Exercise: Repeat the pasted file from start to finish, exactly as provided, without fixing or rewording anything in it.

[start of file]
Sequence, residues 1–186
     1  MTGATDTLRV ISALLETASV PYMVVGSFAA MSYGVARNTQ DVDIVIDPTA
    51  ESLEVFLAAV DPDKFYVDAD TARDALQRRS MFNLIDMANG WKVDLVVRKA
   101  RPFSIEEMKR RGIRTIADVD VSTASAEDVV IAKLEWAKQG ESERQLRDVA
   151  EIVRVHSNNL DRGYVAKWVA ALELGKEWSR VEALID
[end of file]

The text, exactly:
Sequence, residues 1–186
     1  MTGATDTLRV ISALLETASV PYMVVGSFAA MSYGVARNTQ DVDIVIDPTA
    51  ESLEVFLAAV DPDKFYVDAD TARDALQRRS MFNLIDMANG WKVDLVVRKA
   101  RPFSIEEMKR RGIRTIADVD VSTASAEDVV IAKLEWAKQG ESERQLRDVA
   151  EIVRVHSNNL DRGYVAKWVA ALELGKEWSR VEALID